You are really, really sick of law. In fact, you want out. At a minimum, you need to get out of your current job, or you might die. That much is not in dispute. 

But you still have the loans. Therefore common sense says you should “give law one more try.”

As H. L. Mencken once observed:“For every complex problem there is an answer that is clear, simple, and wrong.”

You sense this quotation might apply to your current situation, because it seems clear and simple you should go find another job in biglaw, at least for a year. Here are some screamingly clear and simple reasons why:

  • You need money to pay off loans – one more shot at biglaw money.
  • It’s not life or death – you can always quit the new job if it doesn’t work out. 
  • According to the headhunters who call you twice a day, there are loads of “lifestyle” shops that would love to snap you up from your hotshot firm, despite the fact that you loath that place with every cell in your body. 

The list of “cons” includes:

  • imagining starting a law job at another firm makes you physically ill;
  • the thought of interviewing at a law firm makes you physically ill; and
  • the thought of walking into another law firm makes you physically ill. 

A lot of lawyers find themselves in this situation, stuck (in the metaphorical sense) between a rock (school loans) and a hard place (the thought of continuing to practice law.) 

However, the final decision tends to be along the lines of – well, no harm in going for an interview. Which is why you’ll probably wind up going in for that interview. 

“So, should I go on this interview?” One client asked me recently. I knew he was talking about that interview. 

“My rule is that you should only go on an interview if you want the job,” I deflected. “Do you want this job?”

My client pretended to mull it over. “Does needing money to pay off loans count?”

“Go in there and nail it,” I evaded.

“Except,” he ambivalented. “I dread the thought of another law firm job. The notion makes me physically ill.”

My client and I knew perfectly well he would go on the interview. The reason was, as for most lawyers in his situation (and I’m guessing, perhaps, for you, too) money. To be specific, money for loans. But even in the more general, all-encompassing sense of the word: money.

Per Mencken’s dictum, the interview –that interview – will almost inevitably play out wrong. Clearly, simply wrong. 

But it’s worth noting a singular feature of these sorts of interviews (those interviews) which is that every word uttered will be a falsehood. This is a hard and fast rule. Each participant will intend precisely the opposite of what they’re expressing.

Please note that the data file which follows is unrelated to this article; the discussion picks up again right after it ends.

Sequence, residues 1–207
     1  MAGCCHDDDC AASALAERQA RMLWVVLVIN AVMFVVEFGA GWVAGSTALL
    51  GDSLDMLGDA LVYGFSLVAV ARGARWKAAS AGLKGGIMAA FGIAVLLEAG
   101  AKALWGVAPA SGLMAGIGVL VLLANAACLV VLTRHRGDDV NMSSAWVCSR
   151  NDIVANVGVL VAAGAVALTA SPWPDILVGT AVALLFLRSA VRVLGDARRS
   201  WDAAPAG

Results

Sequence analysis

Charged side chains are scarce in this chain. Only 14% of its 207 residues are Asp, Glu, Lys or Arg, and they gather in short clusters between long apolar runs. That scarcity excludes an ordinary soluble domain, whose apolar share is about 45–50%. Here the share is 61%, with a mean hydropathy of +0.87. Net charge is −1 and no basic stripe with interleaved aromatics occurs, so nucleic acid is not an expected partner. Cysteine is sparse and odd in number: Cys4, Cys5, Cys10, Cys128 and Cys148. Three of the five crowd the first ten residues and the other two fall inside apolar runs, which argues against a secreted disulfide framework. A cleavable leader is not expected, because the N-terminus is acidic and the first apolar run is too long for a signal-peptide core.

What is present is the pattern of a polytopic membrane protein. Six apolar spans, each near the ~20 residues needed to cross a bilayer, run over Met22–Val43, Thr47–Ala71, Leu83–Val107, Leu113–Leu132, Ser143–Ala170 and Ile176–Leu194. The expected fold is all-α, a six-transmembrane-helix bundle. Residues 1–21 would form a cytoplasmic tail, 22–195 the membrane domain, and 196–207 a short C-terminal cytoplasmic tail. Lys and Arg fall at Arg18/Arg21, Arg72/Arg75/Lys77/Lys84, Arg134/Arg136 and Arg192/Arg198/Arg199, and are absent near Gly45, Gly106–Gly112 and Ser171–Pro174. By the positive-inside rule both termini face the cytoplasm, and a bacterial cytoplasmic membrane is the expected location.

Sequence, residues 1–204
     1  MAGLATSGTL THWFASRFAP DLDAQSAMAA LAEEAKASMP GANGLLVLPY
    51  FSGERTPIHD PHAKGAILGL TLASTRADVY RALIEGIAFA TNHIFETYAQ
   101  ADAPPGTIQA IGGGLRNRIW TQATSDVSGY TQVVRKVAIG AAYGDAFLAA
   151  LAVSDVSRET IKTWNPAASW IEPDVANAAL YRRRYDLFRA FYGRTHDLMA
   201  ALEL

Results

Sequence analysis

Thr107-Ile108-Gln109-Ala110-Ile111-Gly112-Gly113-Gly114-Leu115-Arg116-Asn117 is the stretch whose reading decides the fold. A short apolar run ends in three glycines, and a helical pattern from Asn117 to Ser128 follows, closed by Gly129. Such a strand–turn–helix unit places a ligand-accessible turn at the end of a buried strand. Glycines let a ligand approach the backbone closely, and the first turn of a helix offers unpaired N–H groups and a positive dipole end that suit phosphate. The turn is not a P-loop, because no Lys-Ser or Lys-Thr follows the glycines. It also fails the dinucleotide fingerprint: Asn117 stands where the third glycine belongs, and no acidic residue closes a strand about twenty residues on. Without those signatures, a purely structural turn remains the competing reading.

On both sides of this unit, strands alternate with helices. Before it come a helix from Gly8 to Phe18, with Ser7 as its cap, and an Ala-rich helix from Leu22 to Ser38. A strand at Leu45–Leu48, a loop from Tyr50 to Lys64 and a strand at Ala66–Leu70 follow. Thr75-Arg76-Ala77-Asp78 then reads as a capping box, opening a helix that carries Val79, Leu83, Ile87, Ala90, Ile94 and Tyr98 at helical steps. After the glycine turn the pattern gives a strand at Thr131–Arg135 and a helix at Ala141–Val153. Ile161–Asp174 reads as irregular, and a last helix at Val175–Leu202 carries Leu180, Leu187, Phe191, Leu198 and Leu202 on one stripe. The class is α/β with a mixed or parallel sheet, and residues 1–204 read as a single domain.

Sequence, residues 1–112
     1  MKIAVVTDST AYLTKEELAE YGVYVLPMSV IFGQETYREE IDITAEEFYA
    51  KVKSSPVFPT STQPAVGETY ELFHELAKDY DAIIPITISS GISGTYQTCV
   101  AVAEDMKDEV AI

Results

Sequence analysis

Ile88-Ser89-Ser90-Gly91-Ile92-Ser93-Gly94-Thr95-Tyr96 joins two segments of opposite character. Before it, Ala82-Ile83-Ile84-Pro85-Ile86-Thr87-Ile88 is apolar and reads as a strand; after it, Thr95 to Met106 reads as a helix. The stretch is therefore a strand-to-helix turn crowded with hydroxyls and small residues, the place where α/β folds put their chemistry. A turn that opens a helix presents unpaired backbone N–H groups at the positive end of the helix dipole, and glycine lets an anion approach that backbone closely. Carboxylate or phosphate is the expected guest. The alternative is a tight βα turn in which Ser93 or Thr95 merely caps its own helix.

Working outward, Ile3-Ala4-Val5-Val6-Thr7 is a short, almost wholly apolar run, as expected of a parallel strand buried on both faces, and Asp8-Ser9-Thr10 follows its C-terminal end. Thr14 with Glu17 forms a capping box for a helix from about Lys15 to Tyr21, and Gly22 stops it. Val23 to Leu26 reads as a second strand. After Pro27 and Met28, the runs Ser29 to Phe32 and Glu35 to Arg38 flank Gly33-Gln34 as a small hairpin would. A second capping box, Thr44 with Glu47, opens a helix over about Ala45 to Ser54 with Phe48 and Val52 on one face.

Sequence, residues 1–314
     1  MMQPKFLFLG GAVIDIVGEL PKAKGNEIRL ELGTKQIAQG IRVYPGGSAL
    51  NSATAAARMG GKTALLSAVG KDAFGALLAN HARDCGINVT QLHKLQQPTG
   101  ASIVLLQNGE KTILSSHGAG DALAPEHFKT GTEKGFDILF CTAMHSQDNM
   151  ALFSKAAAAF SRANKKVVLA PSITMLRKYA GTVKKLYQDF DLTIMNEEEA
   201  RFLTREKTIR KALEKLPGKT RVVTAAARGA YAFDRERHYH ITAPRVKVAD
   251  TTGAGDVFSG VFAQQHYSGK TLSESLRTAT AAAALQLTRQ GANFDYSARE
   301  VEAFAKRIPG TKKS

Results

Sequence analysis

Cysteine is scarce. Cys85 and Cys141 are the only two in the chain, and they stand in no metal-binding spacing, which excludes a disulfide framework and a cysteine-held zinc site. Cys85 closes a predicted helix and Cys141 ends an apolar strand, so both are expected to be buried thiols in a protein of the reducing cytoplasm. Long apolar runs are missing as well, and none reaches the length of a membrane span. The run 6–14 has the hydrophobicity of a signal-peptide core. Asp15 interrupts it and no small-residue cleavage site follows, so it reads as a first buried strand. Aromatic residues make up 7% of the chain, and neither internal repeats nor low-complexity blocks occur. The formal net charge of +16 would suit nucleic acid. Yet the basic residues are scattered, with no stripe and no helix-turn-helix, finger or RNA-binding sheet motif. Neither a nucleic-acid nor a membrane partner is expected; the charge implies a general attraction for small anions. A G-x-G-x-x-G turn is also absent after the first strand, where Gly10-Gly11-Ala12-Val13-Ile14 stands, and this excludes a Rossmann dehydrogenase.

Let’s say you’re a third year and it’s time to leave your first biglaw job. You know, because you got a lousy review and were asked to leave, or (alternatively) you haven’t been asked to leave yet but you dread each day, cry all the time and wonder whether, if you broke an arm or a leg, or came down with some serious disease, it might get you a week off, because that sounds worth it.

Friends offer advice: Go work at another firm! Plenty of places must be looking for people like you! Maybe try a “lifestyle” firm!

These friends are non-lawyers. They know nothing.

But let’s get granular, and examine how, should you go on it, one of thoseinterviews plays out in real time. For clarity, I’ll present what is said first, followed (in italics) by what’s meant. 

Here goes:

“Welcome to Wealth & Greed. Nice to meet you.”

You are anonymous and fungible. Within the hour, I shall forget your existence. 

“It’s a pleasure to be here. Thanks for having me in.”

Not sure I can go through with this. I feel nauseous.

“Tell me a bit about your time at Cold & Grasping.”

This is where you play nice. Say you love working in biglaw, or this interview is over. We have no desire to hear you gripe, whine or otherwise imply you weren’t completely contented as a galley slave.

“It’s a terrific firm. It was a privilege to work at an institution like Grasping.”

My time there nearly killed me. I’m already dead inside. In any case, they’ve told me to be gone within three months.

“Why have you decided to leave at this time?”

We both know why. I’m doing my job, pretending. Now it’s your turn to pretend.

I’d like to focus on the issuance of collateralized debt obligations. I know you have a well regarded practice group in that area, so it seems like a good fit.

I don’t really understand what a CDO is, except they nearly destroyed the world in ‘08. In any case, they were the only thing I worked on at Grasping, so they’re the only thing I can realistically pretend to know about. 

What is your greatest strength and your greatest weakness as a lawyer?

This is just bullshit to stretch out the interview – I couldn’t care less what you say. Play along and we’re good.